From golf sandals to exploding golf balls, we're glad to see the back of these fads.
Yelling "Ba-Babooey!" at Tour Events
Not that "You da man!" or "Mashed potatoes!" is much better. But at least we’re past the days when a bellowed version of that Howard Stern-ism echoed from the gallery at every shot.
The Mock Neck
We used to think the mock neck had gone out with Star Trek. Then along came Tiger, who, if memory serves, first flashed the collar-less look in 2003 at Torrey Pines. A trend was born (even Jason Gore caught on), but now, once again, the mock, like Spock, has died.
Tasseled Golf Shoes
Remember the days when every pair of golf shoes seemed to come with tassels? We recall them vividly. And, like you, we’ve been trying to forget.
Comb the internet, and you’ll still come across the brush tee, the golf world’s version of the Chia Pet, which, as it happens, also peaked in popularity some years ago.
Square Headed Drivers
With apologies to Sasquatch and other iterations of this strange design—-when it comes to drivers, it’s no longer hip to be square.
Cigarettes on the Course
No doubt, he was dashing. But even Arnold Palmer later said he was disgusted when he looked back at old photos of himself with a cigarette dangling from his mouth. Arnie wasn’t alone in his tobacco habit. Ben Hogan had one. Ditto Nicklaus, though he kicked it early. Ben Crenshaw smoked. So did Fuzzy Zoeller and Lee Trevino. The Surgeon General’s list goes on and on. But that was then. Though lighting up a golf course is still fair game, lighting up ON a golf course is another matter. Even John Daly says he’s down to just two packs a day.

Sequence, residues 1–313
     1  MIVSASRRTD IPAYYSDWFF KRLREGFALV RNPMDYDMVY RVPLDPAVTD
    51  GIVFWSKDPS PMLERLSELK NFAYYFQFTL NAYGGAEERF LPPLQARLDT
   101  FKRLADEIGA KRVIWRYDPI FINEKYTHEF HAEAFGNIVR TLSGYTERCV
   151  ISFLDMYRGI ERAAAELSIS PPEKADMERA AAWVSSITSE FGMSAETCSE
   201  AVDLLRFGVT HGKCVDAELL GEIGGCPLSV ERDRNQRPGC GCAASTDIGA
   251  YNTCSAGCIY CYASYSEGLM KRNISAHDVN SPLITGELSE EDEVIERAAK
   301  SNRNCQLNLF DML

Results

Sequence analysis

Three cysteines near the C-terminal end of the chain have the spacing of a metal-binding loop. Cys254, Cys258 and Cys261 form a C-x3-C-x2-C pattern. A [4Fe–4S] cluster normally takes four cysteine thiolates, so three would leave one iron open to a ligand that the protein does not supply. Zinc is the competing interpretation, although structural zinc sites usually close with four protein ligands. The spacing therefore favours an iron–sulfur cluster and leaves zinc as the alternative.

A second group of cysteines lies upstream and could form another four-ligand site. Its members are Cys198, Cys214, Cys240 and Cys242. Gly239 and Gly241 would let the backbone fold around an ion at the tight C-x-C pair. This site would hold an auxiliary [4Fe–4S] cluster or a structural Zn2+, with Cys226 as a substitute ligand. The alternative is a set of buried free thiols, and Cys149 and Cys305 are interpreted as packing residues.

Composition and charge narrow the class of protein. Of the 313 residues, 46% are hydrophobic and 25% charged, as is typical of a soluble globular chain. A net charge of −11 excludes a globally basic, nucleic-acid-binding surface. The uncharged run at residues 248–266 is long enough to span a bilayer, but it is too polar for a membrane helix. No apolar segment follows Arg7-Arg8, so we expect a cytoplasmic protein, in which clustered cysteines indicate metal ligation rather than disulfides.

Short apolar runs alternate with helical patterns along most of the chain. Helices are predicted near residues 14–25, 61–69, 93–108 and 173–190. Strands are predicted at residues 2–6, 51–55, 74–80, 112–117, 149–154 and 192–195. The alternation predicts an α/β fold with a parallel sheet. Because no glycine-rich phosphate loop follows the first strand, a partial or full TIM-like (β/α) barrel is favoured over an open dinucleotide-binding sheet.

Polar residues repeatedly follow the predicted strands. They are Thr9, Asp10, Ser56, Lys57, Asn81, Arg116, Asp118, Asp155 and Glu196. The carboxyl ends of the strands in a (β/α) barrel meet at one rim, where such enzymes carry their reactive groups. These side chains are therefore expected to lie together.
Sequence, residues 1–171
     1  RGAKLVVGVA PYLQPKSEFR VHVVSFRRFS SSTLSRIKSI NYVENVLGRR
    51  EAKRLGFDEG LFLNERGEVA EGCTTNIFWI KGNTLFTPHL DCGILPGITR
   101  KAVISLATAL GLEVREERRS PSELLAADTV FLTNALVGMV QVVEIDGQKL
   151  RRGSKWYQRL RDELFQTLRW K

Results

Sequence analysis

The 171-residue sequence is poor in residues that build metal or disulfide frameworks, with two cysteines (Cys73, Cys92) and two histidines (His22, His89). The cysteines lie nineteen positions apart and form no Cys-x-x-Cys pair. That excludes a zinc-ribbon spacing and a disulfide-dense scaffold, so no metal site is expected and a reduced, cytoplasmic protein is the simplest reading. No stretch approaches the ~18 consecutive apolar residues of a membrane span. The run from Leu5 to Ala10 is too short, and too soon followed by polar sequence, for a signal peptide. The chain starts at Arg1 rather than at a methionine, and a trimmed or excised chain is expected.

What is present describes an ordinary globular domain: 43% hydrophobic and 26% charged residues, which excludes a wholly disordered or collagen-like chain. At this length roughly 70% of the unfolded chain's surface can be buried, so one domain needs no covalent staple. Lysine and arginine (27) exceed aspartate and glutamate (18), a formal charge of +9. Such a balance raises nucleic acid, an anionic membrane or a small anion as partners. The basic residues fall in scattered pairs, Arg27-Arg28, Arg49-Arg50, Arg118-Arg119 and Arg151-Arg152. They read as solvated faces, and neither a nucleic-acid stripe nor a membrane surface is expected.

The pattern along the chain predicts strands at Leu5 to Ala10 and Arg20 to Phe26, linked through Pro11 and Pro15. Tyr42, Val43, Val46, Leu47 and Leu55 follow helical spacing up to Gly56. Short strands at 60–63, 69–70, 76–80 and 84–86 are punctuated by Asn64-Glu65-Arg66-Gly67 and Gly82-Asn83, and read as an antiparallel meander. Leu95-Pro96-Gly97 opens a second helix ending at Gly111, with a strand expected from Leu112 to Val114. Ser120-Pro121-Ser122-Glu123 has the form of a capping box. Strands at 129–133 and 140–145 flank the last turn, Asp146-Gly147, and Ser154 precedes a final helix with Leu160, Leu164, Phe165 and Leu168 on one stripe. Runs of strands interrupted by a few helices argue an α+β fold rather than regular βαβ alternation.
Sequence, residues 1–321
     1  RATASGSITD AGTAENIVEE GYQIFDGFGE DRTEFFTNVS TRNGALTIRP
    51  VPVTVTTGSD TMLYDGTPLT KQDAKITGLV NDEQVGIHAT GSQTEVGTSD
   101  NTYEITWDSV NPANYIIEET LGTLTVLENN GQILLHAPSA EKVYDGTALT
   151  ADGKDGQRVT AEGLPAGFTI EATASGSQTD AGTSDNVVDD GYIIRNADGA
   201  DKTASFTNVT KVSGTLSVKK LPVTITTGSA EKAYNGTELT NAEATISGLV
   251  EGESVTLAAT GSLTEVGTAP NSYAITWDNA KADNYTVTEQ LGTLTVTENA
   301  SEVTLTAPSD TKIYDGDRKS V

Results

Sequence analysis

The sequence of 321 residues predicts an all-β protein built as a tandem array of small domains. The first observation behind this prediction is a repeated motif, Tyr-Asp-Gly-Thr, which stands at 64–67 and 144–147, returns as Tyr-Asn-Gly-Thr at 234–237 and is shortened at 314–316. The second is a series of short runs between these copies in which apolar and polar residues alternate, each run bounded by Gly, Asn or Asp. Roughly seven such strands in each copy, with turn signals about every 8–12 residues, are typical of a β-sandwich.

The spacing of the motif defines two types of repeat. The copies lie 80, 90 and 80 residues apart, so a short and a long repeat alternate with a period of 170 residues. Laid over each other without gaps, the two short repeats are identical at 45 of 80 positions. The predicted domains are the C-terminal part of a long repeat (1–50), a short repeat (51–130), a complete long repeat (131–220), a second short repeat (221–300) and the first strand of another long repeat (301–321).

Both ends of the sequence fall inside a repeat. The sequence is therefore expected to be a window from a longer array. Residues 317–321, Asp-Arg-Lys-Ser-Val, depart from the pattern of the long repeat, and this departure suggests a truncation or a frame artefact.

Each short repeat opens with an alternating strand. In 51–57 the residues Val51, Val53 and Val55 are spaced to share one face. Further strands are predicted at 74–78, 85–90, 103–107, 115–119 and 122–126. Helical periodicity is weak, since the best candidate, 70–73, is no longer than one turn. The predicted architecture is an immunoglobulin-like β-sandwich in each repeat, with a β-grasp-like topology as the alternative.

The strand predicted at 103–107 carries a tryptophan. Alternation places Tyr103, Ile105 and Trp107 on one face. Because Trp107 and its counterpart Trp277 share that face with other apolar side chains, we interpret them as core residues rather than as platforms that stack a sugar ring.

The Alien Wedge
"For performance that’s out of this world." So went the tagline to those hokey informercials for this strange invader, which dropped into our lives a few decades back. True to its name, it was like E.T.: ugly and effective, But no one cried when it went away.
In 1995, Leslie Nielsen penned a cheeky tome entitled Leslie Nielsen’s Stupid Little Golf Book, which was filled with handy tips on how to irritate your partners. Around that time, exploding golf balls had their 15 minutes. This was also an era when some people thought it was funny to unlatch their buddies’ golf bags on the back of the cart, so the clubs would fall and clatter the instant they drove off. It was, in other words, an age of great hilarity. But then a lot of us grew up.
Most fads are subjected to the ebb and flow of fashion. There’s often no explaining their comings and their goings. Anchoring was different. The zeitgeist didn’t kill it. A ban did.
150-Yard "Bush Markers"
You’ve found another fairway, and you’re now trying to gauge your distance to the flag. Being a strict traditionalist, you don’t use a range finder, so you look around for the 150-yard bush, only to realize that no one plants those silly things anymore.
Sans is French for without. Abelt is a faster way of spelling "a belt." But enough with the translations. Sansabelts were huge in the Ben Crenshaw-Johnny Miller 1970s. But they soon fell out of fashion. By the early 2000s, Derek Zoolander was making fun of them.
These were big around the time when a white-belt wearing Camilo Villegas was winning tournaments. Coincidence or not, you don’t see much of either anymore.
Even at the height of their appeal, golf sandals were never really seen as stylish. Their popularity lay with something more suggestive. They were the laidback-looking hallmark of the carefree golfer, footwear for Al Czervik. And like Czervik, a little bit of them went a long way.
200-Yard Forced Carries and Island Greens
As if parachute pants and shoulder-padded pinstripe suits weren’t bad enough, the ‘80s also marked the hey day of sadistic golf design, the basic idea being that a course was not a course if you didn’t lose a dozen Titleists along the way. Thankfully, that cruel fashion has faded, and a kinder form of architecture now holds sway, one that allows you to hit a ball, then find it. Call it modern minimalism. We call it a better way to play.
It’s tough to say for certain why the visor vanished. Was it because we realized that visors are for bookies, shoeshine boys and seniors on cruise ships? Or did we come to the conclusion that as long as we were going to the trouble, we might as well cover our entire head?
There was a time when you gazed out at the gallery at almost any Tour event and you could have sworn a thousand submarines had surfaced. Then something happened. We collectively concluded that watching the action from an obstructed vantage was still better than looking so uncool.